“During the 4th century A.D., there was great dissention in the European Christian Churches concerning the doctrinal status of the Virgin Mary. In 428 A.D. Nestorius, patriarch of Constantinople, put forth the claim that the Virgin Mary was mother to the divine Jesus Christ, differing from the strongest Church faction which insisted that the Virgin Mary was the Mother of God (as seen through the idea that Jesus was God reborn in earthly form). In 430 A.D. Cyril, patriarch of Alexandria, called a synod which included the major Christian leaders of Europe. The 431 A.D. official declaration of the Virgin Mary as the Mother of God was the result of this synod, the Council of Ephesus. Cyril’s faction of the Christian Church formed the European Orthodox Churches (which eventually separated into the Roman Catholic Church and the Eastern Orthodox Church. The absent Nestorius was ousted from the Constantinope Patriarchy and his writings were burned as a result of the Council of Ephesus.
“Nascent Christianity now contained the elements for mass appeal. The Virgin Mary was elevated to a status equal to the status of Isis. European Christians appealed to God through the image of the Virgin Mary, who was recognized as a divine intervener. Many early Christians believed in the immaculate conception of the Virgin Mary. Though it did not become official Church doctrine until the eighteenth century A.D., the concept grew in popularity. The attributes and titles which catapulted the Virgin Mary into the realm of goddesshood were borrowed from the African Isis. … Titles of the Virgin which includes “The Madonna,” “Queen of Heaven,” “Mother of God,” “The Great Mother” and “Our Lady” (are the same titles attributed to the African Isis long before the existence of Christianity.”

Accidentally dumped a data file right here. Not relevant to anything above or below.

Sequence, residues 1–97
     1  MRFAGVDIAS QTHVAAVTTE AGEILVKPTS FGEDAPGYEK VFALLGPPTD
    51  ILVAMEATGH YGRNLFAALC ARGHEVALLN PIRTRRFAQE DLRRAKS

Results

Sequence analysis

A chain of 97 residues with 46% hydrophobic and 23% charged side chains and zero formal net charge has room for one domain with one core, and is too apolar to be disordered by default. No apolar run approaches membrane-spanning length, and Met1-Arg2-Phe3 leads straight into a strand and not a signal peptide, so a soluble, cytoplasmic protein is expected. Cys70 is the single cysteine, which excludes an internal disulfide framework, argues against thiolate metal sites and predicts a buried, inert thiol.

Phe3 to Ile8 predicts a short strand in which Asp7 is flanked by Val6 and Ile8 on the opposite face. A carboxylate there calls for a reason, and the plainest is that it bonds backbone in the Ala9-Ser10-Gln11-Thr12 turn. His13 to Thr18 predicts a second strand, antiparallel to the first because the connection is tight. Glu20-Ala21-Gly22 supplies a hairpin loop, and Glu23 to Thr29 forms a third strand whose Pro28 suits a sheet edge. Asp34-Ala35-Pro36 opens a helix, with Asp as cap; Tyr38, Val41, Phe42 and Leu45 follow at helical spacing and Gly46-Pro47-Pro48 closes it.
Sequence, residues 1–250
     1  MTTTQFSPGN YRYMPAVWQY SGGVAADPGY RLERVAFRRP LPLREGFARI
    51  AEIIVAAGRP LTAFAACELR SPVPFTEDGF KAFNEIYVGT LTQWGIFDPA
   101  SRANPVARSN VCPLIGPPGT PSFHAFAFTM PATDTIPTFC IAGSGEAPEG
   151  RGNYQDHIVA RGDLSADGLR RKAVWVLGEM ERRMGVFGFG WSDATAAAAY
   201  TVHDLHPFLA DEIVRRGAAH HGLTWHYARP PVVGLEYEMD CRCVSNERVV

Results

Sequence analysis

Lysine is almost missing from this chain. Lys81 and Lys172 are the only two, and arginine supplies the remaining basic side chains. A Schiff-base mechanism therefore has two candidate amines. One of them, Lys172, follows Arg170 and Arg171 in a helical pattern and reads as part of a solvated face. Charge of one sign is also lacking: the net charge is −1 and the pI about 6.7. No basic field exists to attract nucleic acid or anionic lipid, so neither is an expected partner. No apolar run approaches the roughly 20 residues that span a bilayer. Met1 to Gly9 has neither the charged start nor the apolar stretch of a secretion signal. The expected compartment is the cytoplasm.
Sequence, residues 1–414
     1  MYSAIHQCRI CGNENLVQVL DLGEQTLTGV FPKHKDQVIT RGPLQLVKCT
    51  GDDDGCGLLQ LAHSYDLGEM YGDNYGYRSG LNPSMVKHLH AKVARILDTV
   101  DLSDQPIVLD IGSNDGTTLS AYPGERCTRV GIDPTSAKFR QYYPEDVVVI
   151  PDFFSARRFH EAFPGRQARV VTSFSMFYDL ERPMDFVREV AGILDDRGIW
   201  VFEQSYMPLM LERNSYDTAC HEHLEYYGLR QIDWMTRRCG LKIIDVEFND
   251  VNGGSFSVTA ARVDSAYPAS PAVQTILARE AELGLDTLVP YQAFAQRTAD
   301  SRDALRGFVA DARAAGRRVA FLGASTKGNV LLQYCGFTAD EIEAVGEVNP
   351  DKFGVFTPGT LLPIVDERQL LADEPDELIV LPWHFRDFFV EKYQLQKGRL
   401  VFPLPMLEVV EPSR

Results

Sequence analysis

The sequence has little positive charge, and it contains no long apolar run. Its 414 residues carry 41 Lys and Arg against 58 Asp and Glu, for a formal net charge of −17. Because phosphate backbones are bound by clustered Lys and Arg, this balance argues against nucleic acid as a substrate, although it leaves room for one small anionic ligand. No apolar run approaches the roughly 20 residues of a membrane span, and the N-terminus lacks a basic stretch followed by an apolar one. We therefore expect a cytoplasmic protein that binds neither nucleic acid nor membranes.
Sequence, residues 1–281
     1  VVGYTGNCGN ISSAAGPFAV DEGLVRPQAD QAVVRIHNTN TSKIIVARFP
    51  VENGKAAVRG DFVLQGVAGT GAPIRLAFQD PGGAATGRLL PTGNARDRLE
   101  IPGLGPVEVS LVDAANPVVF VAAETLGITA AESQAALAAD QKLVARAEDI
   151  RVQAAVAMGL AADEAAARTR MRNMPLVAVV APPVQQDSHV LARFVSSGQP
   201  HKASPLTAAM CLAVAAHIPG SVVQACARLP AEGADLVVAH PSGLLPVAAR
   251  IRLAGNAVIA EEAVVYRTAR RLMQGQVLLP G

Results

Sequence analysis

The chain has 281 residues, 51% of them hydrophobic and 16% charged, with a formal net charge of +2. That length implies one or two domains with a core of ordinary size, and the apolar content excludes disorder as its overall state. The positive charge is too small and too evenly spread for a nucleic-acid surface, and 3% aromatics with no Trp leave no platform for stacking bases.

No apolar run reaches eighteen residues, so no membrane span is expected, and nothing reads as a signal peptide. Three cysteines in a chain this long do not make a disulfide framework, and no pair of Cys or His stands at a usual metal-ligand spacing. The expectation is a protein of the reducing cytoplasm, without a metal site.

“Statues of the goddess Isis with the child Horus in her arms were common in Egypt, and were exported to all neighboring and to many remote countries, where they are now found with new names attached to them–Christian in Europe, Buddhist in Turkestan, Taoist in China and Japan. Figures of the Virgin Isis do duty as representations of Mary, of Hariti, of Juan-Yin, of Kwannon and of other Virgin Mothers of Gods.” [Footnote: Jocelyn Rhys, Shaken Creeds: The Virgin Birth Doctrine (Watts and Co.; London), 1922]
n U.S. New & World Report, Collector’s Edition, “Da Vinci Code: The Unauthorized
Guide to the Bestselling Novel,” there also appeared the following: Timothy Freke and Peter Gandy, “The Pagan Mysteries Behind Early Christianity”: [From The Jesus Mysteries by Timothy Freke and Peter Gandy (1999):
“We had shared an obsession with world mysticism all our lives which recently had led us to explore spirituality in the ancient world. Popular understanding inevitably lags a long way behind the cutting edge of scholarly research and, like most people, we initially had an inaccurate and outdated view of Paganism. We had been taught to imagine a primitive superstitution, which indulged in idol worship and bloody sacrifice, and dry philosophers wearing togas stumbling blindly ‘toward what we today call science. We were familiar with various Greek myths which showed the partisan and capricious nature of the Olympian gods and goddesses. All in all, Paganism seemed primitive and fundamentally alien. After many years of study, however, our understanding has been transformed. Pagan spirituality was actually the sophisticated product of a highly developed culture. The state religions, such as the Greek worship of the Olympian gods, were little more than outer pomp and ceremony.